We experimentally examine private information and communication in a public goods environment with uncertain returns. We consider a common-value public goods game in which the return to contribution is either high or low. Before contributing, three players observe private signals correlated with the return and send cheap talk messages to one another. There are social gains from truthfulness, but a private incentive to exaggerate. We compare treatments with and without cheap talk, finding that communication is largely truthful and increases efficiency. In further treatments, we increase the incentive to exaggerate and find reduced truthfulness and smaller gains from communication.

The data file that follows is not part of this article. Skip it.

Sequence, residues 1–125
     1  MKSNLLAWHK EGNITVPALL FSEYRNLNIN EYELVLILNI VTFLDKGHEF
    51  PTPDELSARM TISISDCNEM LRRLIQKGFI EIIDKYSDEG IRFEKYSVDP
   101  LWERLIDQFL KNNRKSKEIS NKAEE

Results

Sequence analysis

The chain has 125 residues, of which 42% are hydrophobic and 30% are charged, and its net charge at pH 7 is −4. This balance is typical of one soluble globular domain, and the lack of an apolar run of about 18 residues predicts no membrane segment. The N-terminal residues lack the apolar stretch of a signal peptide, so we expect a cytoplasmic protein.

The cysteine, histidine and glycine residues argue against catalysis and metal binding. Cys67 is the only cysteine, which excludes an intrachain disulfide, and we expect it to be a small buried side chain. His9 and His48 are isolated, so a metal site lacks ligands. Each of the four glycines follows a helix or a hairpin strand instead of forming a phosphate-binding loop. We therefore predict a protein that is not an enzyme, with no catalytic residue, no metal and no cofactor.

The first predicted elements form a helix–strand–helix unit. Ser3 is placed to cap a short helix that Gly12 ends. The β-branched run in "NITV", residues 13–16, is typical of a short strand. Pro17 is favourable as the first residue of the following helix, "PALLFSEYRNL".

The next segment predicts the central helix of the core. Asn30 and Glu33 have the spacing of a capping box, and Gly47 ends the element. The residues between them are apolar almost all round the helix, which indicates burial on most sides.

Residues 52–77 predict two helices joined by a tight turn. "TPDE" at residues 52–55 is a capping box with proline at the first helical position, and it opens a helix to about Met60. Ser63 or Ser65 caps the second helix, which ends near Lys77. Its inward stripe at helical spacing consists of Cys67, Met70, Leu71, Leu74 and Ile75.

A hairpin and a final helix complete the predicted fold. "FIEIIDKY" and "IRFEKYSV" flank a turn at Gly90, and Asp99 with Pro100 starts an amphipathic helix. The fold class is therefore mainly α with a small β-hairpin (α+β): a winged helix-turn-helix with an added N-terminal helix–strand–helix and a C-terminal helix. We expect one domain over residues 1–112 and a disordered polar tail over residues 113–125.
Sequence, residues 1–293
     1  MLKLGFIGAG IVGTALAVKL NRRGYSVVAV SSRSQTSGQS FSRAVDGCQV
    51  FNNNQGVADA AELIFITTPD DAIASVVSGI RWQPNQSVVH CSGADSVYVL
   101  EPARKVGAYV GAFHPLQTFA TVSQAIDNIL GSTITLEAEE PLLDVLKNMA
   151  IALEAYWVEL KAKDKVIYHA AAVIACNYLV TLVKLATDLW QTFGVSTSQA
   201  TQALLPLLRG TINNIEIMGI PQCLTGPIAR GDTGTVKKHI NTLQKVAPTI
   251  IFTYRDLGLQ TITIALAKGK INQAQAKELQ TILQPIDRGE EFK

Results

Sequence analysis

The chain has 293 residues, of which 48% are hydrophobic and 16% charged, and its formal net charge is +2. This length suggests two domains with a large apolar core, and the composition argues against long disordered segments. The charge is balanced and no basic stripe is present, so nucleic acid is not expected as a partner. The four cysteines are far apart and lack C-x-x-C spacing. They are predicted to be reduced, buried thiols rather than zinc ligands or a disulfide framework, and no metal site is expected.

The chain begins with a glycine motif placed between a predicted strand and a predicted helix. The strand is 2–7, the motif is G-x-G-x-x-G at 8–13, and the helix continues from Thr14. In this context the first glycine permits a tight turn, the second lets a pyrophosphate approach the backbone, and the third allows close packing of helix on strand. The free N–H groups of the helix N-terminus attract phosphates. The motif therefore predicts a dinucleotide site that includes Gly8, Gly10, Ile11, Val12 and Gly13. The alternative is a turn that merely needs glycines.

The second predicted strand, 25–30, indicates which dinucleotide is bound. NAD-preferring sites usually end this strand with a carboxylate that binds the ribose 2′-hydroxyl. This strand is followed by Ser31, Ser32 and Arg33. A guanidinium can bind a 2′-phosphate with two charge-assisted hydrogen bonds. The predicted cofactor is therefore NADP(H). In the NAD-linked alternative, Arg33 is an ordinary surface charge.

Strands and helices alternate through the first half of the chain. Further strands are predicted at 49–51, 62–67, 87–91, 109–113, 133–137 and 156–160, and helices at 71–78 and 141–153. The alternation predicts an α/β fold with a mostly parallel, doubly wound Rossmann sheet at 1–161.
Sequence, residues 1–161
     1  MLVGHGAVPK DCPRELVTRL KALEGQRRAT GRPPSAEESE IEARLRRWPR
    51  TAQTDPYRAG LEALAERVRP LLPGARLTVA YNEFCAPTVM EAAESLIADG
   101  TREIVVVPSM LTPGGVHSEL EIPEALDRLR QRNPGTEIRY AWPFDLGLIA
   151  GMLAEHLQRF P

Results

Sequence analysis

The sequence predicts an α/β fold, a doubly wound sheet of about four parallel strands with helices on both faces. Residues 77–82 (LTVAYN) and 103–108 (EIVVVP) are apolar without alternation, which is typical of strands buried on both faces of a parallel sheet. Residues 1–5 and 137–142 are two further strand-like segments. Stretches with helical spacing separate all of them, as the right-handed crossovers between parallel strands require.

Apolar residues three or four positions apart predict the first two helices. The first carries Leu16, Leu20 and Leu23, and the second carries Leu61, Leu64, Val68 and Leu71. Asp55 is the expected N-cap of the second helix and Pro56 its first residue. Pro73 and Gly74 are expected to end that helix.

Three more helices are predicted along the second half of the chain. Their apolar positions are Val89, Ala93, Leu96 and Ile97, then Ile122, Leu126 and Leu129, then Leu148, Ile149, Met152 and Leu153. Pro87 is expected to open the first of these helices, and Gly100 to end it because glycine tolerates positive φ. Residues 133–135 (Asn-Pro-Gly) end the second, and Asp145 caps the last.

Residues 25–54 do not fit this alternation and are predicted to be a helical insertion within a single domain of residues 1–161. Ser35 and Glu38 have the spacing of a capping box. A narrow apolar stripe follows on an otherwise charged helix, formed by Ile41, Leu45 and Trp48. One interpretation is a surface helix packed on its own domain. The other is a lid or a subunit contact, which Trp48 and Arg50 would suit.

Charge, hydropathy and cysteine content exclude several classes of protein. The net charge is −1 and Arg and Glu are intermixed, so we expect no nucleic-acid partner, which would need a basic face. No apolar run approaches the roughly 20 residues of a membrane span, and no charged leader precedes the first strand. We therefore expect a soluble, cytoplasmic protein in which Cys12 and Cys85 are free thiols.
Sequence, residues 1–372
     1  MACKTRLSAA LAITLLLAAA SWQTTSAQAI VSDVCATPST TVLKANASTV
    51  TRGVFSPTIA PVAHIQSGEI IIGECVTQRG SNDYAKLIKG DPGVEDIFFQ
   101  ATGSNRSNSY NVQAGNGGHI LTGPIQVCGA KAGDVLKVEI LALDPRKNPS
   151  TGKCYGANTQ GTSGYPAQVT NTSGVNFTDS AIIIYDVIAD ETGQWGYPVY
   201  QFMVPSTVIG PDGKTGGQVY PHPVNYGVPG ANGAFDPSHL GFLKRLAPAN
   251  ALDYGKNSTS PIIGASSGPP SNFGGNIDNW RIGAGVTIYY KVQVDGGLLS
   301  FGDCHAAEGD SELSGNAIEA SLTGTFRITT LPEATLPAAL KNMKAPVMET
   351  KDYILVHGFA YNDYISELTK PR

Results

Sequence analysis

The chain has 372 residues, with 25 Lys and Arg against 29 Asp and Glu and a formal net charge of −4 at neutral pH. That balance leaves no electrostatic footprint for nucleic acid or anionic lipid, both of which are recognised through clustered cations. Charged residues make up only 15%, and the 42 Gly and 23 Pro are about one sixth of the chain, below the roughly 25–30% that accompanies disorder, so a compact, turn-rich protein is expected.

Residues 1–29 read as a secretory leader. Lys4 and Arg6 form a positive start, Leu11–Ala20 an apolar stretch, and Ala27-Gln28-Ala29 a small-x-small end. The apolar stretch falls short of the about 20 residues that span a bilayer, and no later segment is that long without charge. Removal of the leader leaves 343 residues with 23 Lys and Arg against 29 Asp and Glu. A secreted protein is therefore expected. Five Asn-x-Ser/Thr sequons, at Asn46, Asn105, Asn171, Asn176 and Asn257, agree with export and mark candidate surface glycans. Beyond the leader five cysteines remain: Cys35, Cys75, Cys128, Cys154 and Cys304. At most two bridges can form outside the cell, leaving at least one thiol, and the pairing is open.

Cox, Caleb A., and Brock Stoddard.
"Common-Value Public Goods and Informational Social Dilemmas."
American Economic Journal: Microeconomics,
Asymmetric and Private Information; Mechanism Design
Search; Learning; Information and Knowledge; Communication; Belief; Unawareness